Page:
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Law to Protect Tenants of New York Foreclosure Homes

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By : John Cutts    99 or more times read
Many tenants in New York City are renting homes without meeting their landlords, and worse, without knowing who owns the houses they have been renting. Most tenants in the city just leave their checks for their monthly rental payments in mailboxes.

But all these could change with the bill introduced by Manhattan Council member Melissa Mark Viverito. Together with city housing lawyers and members of the Make the Road New York, Viverito announced her Multiple Dwelling Registration Bill which will give protection to tenants of New York foreclosure homes.

The proposed bill requires landlords to register the principal owners of rental properties with the city. Viverito pointed out that currently, the only way of communication between landlords and tenants are mailboxes.

She said that registration of primary owners of rental properties would pave the way to knowing who the primary owners are and hold them accountable. Under the proposed bill, landlords will be required to form limited liability corporations (LLC) and register all owners in multiple dwellings.

The registration requires the names and contact information of all owners, not limited only to those who have 25 percent share which is the threshold currently mandated by the city.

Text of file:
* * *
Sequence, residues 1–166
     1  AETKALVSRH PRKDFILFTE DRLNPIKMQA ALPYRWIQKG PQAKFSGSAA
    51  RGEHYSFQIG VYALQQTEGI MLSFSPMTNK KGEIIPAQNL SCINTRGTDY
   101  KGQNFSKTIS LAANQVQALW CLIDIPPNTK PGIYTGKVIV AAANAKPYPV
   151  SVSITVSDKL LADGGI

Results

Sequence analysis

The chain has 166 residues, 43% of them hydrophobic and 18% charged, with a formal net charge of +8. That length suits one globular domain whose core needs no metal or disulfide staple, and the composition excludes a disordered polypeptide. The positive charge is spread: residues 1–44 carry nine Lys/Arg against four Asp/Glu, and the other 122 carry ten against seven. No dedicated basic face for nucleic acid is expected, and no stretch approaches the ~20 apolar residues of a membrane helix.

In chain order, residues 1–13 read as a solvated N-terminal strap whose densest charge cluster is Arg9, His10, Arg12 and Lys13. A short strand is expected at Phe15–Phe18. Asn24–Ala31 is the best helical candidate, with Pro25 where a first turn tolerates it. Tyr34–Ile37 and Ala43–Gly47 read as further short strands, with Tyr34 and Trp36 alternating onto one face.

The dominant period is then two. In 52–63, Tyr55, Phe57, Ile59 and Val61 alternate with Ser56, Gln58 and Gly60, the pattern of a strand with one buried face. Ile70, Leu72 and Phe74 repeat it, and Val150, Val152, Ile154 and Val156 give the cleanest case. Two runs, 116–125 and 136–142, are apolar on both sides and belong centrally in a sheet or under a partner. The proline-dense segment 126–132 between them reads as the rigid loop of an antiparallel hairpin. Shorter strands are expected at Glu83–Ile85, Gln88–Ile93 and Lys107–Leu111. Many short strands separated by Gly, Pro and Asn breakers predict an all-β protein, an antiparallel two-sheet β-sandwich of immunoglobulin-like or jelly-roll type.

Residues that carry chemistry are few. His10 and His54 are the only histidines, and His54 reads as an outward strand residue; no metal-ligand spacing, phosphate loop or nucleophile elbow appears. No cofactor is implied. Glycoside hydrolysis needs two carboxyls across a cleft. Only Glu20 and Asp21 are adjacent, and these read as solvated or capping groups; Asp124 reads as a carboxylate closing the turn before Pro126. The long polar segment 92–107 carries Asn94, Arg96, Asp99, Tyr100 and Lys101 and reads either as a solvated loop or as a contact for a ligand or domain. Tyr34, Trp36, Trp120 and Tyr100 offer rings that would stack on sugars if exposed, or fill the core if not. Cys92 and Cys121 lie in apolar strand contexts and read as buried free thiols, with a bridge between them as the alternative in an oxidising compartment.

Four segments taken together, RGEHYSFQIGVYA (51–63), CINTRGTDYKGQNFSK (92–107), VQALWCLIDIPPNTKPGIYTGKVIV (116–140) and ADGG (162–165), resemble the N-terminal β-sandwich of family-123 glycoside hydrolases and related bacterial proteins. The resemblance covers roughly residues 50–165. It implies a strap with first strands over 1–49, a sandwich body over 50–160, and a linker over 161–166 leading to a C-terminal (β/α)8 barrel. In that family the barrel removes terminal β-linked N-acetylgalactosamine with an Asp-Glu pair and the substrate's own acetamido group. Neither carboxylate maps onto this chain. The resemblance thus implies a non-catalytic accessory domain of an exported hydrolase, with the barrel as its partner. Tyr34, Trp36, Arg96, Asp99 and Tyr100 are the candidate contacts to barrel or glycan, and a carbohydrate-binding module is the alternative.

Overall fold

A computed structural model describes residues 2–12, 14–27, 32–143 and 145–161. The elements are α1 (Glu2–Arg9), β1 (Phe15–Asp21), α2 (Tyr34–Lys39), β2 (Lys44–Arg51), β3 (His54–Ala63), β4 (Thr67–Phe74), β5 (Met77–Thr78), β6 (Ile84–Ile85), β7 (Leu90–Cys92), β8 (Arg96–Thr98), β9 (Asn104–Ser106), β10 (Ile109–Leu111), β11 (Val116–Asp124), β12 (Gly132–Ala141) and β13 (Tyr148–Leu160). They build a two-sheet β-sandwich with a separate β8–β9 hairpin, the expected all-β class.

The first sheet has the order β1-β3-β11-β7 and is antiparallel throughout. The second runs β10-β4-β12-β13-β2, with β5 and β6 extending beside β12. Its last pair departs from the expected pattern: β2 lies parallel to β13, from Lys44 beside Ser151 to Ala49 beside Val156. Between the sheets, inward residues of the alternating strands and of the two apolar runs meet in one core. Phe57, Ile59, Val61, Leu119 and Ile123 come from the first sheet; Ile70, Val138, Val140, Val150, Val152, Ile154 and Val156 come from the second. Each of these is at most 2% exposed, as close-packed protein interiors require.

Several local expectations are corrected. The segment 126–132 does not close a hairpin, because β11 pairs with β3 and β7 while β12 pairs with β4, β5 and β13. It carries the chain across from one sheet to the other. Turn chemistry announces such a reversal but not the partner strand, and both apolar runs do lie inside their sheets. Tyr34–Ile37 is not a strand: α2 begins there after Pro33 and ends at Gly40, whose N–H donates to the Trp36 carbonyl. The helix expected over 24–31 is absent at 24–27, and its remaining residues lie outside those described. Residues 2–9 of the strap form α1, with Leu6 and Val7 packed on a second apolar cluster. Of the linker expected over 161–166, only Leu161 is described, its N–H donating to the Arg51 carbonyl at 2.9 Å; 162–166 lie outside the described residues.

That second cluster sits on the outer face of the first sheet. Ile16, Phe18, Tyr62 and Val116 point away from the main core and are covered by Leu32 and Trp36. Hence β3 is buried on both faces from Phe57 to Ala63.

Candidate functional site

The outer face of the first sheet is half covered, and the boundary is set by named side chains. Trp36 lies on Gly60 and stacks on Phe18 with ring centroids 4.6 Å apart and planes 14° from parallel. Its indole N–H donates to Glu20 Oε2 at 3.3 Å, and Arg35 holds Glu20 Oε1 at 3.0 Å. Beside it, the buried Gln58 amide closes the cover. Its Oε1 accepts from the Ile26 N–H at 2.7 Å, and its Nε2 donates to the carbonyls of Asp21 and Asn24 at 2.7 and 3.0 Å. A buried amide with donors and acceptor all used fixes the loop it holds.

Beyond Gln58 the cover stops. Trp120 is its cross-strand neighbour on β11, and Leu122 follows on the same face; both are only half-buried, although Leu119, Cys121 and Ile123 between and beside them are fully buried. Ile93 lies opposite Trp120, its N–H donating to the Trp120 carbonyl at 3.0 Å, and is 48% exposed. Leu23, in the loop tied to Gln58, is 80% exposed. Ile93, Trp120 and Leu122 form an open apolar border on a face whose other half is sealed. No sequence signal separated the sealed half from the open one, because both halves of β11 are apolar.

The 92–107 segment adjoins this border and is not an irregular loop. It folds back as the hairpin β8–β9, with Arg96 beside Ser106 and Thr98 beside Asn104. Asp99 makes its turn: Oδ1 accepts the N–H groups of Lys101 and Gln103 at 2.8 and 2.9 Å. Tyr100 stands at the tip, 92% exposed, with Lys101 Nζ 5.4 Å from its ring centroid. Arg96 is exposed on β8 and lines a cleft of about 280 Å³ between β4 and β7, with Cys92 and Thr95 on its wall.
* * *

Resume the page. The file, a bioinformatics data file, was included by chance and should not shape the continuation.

Also, the proposed bill wants multiple dwellings to be covered by the administrative code of the city, expanding the current coverage from buildings with single room occupancy.

According to industry experts, corporation officers and managing agents of rental properties are difficult to reach. They pointed out that ownerships of rental properties that are in foreclosures changed so fast that tenants are left with names that often do not have the authority or right to make decisions concerning the property.

Experts said that the confusion over property ownership makes it difficult for housing advocates and tenants to resolve or settle problems out of court.

Additionally, experts said that numerous unknown ownerships for multiple dwellings are really a problem for tenants because they do not know whom to approach especially when there are problems with maintenance and repairs.

Make the Road New York's Executive Director Javier Valdes said that the bill would help promote transparency and most importantly, protect low-income tenants especially those renting in foreclosed properties.
John Cutts has been educated in the finer points of the foreclosure market over 5 years.

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